AQA AS Biology

Revision Notes

3.5.1 Mammalian Circulation

Blood Circulation in Mammals

The need for a circulatory system

  • All organisms need to exchange materials with their environments
  • Small animals with large surface area to volume ratios (or relatively inactive animals like jellyfish) can rely on diffusion alone to exchange oxygen, carbon dioxide and nutrients with their environment
  • Larger animals have smaller surface area to volume ratios, so diffusion alone is insufficient for exchange of materials between cells further from the surface of the organism with the environment
  • Circulatory systems are systems which carry around fluids containing materials needed by the organism, as well as waste materials that need to be removed

Open & closed systems

  • Circulatory systems are either described as being open or closed
  • In a closed circulatory system, blood is pumped around the body and is always contained within a network of blood vessels
    • All vertebrates and many invertebrates have closed circulatory systems
  • In an open circulatory system, blood is not contained within blood vessels but is pumped directly into body cavities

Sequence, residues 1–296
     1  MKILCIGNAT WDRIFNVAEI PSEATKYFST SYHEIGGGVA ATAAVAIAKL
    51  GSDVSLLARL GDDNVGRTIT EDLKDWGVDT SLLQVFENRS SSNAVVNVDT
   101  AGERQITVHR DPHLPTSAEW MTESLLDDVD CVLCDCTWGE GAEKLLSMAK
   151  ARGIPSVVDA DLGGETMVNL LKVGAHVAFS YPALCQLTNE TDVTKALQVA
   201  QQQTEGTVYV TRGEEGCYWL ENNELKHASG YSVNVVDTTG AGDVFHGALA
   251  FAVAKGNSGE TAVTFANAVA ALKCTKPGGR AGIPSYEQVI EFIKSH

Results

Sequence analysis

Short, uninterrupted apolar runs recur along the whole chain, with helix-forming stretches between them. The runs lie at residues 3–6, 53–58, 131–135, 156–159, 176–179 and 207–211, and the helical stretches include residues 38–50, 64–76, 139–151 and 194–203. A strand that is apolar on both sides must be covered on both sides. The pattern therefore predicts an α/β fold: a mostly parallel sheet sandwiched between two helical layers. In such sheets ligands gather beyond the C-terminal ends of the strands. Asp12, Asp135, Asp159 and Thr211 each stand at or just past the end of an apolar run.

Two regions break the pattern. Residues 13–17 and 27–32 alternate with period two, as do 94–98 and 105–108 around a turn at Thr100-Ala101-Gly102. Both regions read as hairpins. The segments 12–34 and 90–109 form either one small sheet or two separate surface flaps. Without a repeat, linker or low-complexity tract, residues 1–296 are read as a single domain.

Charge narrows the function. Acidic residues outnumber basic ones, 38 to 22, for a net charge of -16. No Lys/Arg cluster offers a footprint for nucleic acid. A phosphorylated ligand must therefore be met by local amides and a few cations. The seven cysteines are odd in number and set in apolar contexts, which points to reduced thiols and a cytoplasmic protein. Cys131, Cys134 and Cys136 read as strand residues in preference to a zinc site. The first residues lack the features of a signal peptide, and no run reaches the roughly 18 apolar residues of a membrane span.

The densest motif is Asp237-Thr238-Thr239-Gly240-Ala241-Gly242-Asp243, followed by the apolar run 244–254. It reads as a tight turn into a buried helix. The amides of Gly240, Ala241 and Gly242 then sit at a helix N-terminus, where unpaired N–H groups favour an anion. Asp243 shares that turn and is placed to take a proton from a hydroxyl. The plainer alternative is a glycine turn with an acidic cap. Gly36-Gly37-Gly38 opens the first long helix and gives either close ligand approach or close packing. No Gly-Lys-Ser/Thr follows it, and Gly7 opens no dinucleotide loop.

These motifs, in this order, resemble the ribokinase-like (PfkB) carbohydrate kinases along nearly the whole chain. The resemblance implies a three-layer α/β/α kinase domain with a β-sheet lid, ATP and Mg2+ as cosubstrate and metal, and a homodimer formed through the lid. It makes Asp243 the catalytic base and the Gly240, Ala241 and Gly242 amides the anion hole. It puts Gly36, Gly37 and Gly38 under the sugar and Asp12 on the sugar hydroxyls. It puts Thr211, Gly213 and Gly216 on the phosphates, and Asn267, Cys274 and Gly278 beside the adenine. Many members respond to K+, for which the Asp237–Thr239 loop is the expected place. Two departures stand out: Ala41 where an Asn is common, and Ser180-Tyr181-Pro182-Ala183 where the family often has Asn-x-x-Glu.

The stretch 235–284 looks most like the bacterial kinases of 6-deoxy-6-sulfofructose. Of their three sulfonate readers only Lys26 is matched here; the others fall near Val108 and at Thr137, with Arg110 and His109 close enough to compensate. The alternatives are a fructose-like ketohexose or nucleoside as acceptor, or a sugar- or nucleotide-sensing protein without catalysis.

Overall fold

• Organisms such as arthropods and molluscs have open circulatory systems.
  • Humans have a closed double circulatory system: in one complete circuit of the body, blood passes through the heart (the pump) twice
  • The right side of the heart pumps blood deoxygenated blood to the lungs for gas exchange; this is the pulmonary circulatory system
  • Blood then returns to the left side of the heart, so that oxygenated blood can be pumped efficiently (at high pressure) around the body; this is the systemic circulatory system

The double circulatory system in mammals, IGCSE & GCSE Biology revision notes

The double circulatory system in mammals

Main Circulatory System Structures Table

1. Closed Double Circulatory System Table, downloadable AS & A Level Biology revision notes

The main blood vessels

  • Pulmonary artery – carries deoxygenated blood away from the heart, towards the lungs
  • Pulmonary vein – carries oxygenated blood away from the lungs, towards the heart
  • Coronary arteries – supply the heart with oxygenated blood
  • Aorta – carries oxygenated blood out of the heart and to the rest of the body
  • Vena cava – carries deoxygenated blood into the heart
  • Renal artery – supplies the kidneys with oxygenated blood
  • Renal vein – carries deoxygenated blood away from the kidneys, towards the heart

Exam Tip

The oxygenation of blood in the pulmonary artery and vein is unique as the pulmonary vein is the only vein in the circulatory system that contains oxygenated blood!

Author: Lára

Lára graduated from Oxford University in Biological Sciences and has now been a science tutor working in the UK for several years. Lára has a particular interest in the area of infectious disease and epidemiology, and enjoys creating original educational materials that develop confidence and facilitate learning.
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